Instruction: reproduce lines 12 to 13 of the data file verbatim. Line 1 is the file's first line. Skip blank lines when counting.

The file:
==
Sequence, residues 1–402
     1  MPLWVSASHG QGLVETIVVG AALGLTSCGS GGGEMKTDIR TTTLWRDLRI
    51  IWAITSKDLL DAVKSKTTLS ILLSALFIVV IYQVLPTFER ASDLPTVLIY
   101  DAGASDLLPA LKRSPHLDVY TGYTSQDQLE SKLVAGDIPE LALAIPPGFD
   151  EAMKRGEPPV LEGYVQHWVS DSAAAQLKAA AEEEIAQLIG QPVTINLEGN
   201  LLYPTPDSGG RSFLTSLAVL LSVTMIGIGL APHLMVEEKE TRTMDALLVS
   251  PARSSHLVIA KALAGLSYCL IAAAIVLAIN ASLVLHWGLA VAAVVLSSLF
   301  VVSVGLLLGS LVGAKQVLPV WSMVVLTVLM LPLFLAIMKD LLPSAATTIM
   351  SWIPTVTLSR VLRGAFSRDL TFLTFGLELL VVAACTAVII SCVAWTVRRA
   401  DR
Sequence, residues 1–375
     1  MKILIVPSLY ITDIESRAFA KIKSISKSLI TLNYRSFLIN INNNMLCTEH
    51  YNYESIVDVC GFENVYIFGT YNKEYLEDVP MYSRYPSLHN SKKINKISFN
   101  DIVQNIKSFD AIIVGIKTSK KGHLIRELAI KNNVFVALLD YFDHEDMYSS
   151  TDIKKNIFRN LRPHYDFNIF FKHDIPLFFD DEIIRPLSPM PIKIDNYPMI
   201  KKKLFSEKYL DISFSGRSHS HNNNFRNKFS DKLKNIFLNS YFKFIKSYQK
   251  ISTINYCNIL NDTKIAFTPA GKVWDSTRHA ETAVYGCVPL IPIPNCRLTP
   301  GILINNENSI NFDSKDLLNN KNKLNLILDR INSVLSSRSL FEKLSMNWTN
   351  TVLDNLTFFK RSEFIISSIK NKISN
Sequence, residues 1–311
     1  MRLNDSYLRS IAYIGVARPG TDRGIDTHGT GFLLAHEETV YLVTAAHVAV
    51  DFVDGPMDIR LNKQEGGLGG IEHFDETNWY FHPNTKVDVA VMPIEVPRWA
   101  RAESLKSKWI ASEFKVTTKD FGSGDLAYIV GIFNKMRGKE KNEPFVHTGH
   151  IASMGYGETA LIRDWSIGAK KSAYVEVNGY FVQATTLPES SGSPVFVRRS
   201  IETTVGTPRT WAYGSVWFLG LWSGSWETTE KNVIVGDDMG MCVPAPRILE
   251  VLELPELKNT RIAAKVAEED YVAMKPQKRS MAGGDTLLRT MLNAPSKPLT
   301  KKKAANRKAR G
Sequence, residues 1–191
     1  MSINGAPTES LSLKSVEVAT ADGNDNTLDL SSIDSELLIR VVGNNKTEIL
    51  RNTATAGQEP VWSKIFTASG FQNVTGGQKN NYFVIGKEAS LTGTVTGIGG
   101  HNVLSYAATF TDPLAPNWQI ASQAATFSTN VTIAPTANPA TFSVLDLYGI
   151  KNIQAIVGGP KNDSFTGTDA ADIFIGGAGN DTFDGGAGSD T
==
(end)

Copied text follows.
     1  MKILIVPSLY ITDIESRAFA KIKSISKSLI TLNYRSFLIN INNNMLCTEH
    51  YNYESIVDVC GFENVYIFGT YNKEYLEDVP MYSRYPSLHN SKKINKISFN